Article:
Interesting Breeds of Horses: Hoofed Angels [Pictures]

Humans began to domesticate horses around 4000 BC, and their domestication is believed to have been widespread by 3000 BC. Their anatomy enables them to make use of speed to escape predators and they have a well-developed sense of balance and a strong fight-or-flight instinct.

Frisian Horse

The Friesian is a horse breed originating in Friesland, Netherlands. They are most often recognized by its black coat color, though color alone is not its only distinguishing characteristic. A Friesian horse also has a long, thick mane and tail, often wavy, and “feathers”–long, silky hair on the lower legs, deliberately left untrimmed.

Icelandic Horses

The Icelandic horse is a breed of horse developed in Iceland. Although the horses are small and pony-sized (730 and 840 lb), most registries for the Icelandic refer to it as a horse. In their native country they have few diseases; Icelandic law prevents horses from being imported into the country and exported animals are not allowed to return.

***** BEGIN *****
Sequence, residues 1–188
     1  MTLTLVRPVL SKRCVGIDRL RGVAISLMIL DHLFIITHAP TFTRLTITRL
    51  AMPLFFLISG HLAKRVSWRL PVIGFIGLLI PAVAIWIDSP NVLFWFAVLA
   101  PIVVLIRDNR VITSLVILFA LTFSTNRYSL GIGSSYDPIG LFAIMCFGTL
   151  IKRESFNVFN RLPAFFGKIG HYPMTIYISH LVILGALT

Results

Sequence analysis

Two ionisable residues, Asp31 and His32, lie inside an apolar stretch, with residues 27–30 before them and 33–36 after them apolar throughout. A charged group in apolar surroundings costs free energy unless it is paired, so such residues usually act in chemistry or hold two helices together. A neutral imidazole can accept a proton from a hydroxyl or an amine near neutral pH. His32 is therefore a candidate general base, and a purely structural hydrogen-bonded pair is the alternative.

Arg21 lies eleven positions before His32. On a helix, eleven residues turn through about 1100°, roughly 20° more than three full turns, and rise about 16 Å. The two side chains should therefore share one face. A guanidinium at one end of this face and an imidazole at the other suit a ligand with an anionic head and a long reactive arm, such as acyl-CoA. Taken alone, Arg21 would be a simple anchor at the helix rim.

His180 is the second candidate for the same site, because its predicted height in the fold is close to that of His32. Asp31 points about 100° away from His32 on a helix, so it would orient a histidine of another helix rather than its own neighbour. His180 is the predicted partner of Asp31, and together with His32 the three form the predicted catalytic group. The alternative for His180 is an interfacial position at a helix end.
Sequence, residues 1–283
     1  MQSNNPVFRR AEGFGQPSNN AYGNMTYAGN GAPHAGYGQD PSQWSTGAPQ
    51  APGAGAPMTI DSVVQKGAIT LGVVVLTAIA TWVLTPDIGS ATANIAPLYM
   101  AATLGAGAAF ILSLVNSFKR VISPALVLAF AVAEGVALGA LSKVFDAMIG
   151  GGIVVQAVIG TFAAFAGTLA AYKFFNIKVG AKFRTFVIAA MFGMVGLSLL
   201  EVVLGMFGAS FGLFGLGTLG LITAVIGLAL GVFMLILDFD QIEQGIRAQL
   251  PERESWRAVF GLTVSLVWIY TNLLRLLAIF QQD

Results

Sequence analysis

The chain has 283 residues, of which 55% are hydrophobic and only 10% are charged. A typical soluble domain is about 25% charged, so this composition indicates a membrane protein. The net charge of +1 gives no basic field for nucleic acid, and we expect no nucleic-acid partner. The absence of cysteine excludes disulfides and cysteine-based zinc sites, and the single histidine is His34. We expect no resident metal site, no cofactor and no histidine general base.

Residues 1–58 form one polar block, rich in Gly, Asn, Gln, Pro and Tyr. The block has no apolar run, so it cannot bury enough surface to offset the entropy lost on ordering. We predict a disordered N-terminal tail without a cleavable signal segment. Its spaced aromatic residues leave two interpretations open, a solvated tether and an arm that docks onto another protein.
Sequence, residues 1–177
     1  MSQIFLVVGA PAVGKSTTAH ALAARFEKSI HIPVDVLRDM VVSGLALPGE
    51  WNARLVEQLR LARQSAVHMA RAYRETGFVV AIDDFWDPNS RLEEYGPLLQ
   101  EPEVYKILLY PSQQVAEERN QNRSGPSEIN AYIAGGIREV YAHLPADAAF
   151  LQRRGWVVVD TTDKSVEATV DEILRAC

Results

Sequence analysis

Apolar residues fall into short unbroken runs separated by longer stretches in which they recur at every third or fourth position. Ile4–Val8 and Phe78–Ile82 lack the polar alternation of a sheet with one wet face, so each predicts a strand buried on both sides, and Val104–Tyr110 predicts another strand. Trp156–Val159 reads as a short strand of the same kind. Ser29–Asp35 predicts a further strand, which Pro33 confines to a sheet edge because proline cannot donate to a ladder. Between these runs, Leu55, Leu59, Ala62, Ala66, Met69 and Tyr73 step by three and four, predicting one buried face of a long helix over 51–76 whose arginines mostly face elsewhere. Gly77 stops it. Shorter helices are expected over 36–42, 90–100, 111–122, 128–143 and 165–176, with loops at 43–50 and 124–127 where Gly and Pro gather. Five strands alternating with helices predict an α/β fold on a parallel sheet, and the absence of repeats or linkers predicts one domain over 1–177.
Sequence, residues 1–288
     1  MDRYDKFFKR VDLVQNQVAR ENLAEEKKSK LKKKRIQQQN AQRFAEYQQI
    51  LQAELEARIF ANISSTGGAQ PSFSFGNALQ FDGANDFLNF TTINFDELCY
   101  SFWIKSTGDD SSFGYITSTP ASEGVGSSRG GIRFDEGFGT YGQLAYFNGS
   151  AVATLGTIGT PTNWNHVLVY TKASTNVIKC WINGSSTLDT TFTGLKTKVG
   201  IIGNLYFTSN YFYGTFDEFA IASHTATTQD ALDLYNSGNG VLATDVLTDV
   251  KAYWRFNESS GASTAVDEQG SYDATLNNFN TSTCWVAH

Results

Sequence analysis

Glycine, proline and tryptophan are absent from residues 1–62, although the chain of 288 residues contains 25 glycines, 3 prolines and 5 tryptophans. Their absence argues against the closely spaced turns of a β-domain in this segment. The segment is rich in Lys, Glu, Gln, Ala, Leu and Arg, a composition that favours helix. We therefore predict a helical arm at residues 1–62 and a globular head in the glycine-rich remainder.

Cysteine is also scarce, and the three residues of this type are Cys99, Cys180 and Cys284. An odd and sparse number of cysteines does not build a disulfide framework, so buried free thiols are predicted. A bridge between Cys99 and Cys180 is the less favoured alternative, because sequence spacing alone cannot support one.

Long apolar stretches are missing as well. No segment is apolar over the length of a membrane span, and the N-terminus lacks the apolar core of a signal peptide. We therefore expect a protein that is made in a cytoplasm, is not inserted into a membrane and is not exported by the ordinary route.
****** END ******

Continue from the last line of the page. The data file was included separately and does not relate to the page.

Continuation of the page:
Gypsy Vanner

Up until the late 20th century, the Gypsy Vanner was not a recognized breed. Not much is known about the bloodlines of Gypsy Vanners because pedigrees were usually kept secret and only family members knew the details. However, as the interest in the breed grew, several breed registries developed.


The Akhal-Teke is a horse breed from Turkmenistan, where they are a national emblem. They are noted for their speed and for endurance on long marches. These “golden-horses” are adapted to severe climatic conditions and are thought to be one of the oldest surviving horse breeds.

Shire Horse

The Shire Horse is a descendant from the medieval warhorse, the Great Horse. The Shire was developed in England first to be used in war and later to work in farms as a draught horse. Friesians and Flanders horses were taken to England by the Dutch and were bred with local specimens. The result would be a resistant horse able to work in the land and carry heavy weights.

Bonus: Ancient Chariot Burial

To protect it from drying out, a worker sprays water onto a millennia-old chariot recently unearthed in the city of Luoyang in central China.

(National Geographic) 5 chariots and 12 horse skeletons were found in the tomb pit, according to China’s state-sponsored Xinhua news service. Archaeologists believe the tomb was dug as part of the funeral rites of a minister or other nobleman during the Eastern Zhou dynasty period, about 2,500 years ago.


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